These mass shootings are a product of bad government. Before the Gun Free School Zone Act, originally enacted in 1990, there were only 7 school shootings in 214 years. Since then, there have been over 75. National leaders need to admit: The Gun Free School Zone Act has failed. These mass shootings continue to be at places that are defenseless, with mad men targeting the most vulnerable of society, who by law are forbidden protection. (The original Gun Free School Zone Act prohibited all firearms. It was deemed by the Supreme Court as unconstitutional. Bill Clinton signed it back into law with some minor word changes which make firearms "allowed" but with such heavy restrictions that effectively they are forbidden.) A "gun free" zone screams "sitting duck." These mad men seek infamy, and they are doing it by hitting easy targets where they can get impressive body counts. For those who propose tighter gun control: What tighter control can there be than "no guns allowed"?

I do not buy that Clinton, Obama, Bloomberg, et al care about the security of school children. They know how important armed security is—they rely on it daily themselves. I do not think they orchestrate mass shootings but they let the monster loose and deny heroes—the  countless number of people who would gladly risk their lives engaging a mad man shooter for themselves and their loved ones—the ability to stop the monster. It is a recipe for a tragedy that they can politically cash in on. Their anti-freedom policies continue to spawn more and more anti-freedom policies, at the expense of children.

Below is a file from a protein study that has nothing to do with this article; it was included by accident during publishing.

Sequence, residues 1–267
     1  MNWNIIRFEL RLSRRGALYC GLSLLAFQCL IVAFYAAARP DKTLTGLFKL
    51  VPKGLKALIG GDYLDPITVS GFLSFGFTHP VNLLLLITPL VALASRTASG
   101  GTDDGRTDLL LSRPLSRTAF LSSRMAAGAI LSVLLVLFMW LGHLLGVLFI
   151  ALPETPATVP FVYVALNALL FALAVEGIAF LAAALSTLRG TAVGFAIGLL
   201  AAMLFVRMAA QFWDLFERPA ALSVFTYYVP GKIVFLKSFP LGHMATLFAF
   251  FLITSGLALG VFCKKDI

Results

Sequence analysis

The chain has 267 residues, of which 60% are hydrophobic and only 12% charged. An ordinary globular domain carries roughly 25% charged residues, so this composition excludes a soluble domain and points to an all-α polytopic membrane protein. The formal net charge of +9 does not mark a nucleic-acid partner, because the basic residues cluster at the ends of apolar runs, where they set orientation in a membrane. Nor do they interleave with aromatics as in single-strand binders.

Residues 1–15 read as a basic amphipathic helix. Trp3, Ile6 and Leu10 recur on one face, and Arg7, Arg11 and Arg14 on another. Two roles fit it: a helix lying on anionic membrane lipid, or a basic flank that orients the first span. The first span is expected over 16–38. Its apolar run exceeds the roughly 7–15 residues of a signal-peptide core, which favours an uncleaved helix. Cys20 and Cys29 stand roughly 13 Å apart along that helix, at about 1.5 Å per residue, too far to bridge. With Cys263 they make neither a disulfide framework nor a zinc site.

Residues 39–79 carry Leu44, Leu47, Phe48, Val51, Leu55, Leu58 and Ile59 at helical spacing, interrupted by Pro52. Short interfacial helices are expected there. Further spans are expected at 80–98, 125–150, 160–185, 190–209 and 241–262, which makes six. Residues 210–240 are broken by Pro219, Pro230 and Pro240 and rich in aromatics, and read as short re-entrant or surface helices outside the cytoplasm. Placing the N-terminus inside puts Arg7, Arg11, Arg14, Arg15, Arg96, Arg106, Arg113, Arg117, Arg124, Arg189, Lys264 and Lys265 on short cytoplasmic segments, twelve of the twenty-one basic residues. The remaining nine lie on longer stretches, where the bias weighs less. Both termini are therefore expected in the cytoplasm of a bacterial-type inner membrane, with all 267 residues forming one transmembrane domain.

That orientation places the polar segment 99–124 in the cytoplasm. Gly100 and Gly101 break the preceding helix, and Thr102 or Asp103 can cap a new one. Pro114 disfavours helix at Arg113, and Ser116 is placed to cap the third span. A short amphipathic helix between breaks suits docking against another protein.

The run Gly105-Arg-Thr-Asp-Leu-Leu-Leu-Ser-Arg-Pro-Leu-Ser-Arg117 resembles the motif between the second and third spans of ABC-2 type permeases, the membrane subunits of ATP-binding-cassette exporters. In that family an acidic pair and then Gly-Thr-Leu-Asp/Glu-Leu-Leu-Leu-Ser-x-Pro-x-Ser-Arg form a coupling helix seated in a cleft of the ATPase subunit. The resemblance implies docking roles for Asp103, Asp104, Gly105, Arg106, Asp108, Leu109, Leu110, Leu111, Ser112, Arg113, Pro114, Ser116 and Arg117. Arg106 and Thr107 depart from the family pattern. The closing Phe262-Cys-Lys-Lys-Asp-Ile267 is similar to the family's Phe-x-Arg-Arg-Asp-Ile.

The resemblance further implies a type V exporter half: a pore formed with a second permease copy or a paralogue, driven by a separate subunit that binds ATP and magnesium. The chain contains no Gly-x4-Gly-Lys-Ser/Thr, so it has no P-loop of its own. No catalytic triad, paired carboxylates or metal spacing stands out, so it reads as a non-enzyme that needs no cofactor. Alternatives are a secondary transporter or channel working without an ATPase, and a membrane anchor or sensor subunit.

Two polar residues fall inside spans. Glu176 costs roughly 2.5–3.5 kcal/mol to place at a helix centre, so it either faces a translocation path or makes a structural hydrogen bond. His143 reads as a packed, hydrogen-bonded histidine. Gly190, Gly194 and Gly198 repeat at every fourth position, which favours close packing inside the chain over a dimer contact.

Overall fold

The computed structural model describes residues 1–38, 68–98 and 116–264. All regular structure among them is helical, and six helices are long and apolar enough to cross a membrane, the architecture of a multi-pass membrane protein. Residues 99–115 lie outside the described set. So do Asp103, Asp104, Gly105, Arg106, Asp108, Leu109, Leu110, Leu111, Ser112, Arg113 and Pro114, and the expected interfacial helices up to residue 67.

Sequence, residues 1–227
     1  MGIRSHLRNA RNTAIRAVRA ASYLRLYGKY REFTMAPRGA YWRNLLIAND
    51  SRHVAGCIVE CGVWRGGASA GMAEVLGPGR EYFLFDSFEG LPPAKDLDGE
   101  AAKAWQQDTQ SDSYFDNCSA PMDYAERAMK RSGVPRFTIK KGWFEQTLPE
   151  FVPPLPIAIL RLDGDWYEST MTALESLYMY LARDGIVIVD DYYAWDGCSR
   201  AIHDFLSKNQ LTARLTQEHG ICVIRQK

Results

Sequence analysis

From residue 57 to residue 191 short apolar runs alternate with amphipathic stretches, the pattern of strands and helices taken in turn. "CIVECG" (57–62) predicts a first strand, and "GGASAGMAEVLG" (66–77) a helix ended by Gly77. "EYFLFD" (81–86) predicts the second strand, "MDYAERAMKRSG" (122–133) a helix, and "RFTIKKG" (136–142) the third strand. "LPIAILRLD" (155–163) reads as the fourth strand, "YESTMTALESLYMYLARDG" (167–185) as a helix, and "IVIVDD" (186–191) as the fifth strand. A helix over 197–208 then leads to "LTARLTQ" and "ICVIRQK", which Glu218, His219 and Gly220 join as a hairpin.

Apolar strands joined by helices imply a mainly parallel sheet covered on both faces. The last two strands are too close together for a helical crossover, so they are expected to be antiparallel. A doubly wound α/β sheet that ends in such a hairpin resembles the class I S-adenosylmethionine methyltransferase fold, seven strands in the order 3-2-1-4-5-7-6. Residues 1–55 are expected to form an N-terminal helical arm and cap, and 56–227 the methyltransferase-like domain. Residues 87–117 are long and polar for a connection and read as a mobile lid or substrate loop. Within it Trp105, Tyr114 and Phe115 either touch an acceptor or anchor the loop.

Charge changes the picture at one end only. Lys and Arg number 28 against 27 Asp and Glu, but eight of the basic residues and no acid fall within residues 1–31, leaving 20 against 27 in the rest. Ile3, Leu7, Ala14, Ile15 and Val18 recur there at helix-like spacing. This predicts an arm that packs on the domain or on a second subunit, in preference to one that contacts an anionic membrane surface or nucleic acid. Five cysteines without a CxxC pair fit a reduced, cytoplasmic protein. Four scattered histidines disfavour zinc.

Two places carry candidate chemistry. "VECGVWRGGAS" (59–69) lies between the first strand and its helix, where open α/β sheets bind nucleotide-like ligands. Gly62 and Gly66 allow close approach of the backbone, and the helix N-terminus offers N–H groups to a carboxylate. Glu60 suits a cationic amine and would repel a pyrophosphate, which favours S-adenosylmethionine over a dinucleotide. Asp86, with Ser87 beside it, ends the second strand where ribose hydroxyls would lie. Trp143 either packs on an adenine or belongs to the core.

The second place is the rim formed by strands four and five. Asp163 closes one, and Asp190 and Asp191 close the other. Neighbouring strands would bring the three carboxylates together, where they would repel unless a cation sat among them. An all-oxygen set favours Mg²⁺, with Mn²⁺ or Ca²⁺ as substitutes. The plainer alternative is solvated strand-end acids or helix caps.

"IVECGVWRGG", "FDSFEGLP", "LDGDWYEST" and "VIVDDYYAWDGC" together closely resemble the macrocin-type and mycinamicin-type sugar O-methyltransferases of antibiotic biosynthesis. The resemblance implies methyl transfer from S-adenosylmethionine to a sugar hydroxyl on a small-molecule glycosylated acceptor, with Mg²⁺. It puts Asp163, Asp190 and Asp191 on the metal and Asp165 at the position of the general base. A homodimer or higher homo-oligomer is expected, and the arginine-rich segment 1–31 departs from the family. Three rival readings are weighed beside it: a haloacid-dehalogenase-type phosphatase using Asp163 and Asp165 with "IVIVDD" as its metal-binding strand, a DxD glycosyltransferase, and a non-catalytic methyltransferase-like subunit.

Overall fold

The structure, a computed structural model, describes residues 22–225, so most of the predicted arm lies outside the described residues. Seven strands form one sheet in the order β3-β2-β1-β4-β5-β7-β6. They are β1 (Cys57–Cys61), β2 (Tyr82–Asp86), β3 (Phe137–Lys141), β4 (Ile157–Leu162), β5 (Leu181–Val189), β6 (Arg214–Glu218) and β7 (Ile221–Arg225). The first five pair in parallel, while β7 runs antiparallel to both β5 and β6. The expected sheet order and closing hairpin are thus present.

This is how our modern government works: cause trouble, create a tragedy, then blame private individuals. Government created a housing bubble, which burst around 2007, and promptly blamed greedy bankers. Government ordered the military to stand down in Benghazi and an ambassador was killed, and they blamed a private film on Islam. Now, after denying schools the ability to secure themselves and mass shootings continue to occur, they blame gun ownership. It is tyranny in plain sight, which they are using to further their totalitarian policies. There is no need to concoct conspiracy theories; what is visible is atrocious enough. They clearly do not care about the suffering they cause; they subscribe to the ideology of Lenin that a few eggs need cracked to make an omelet.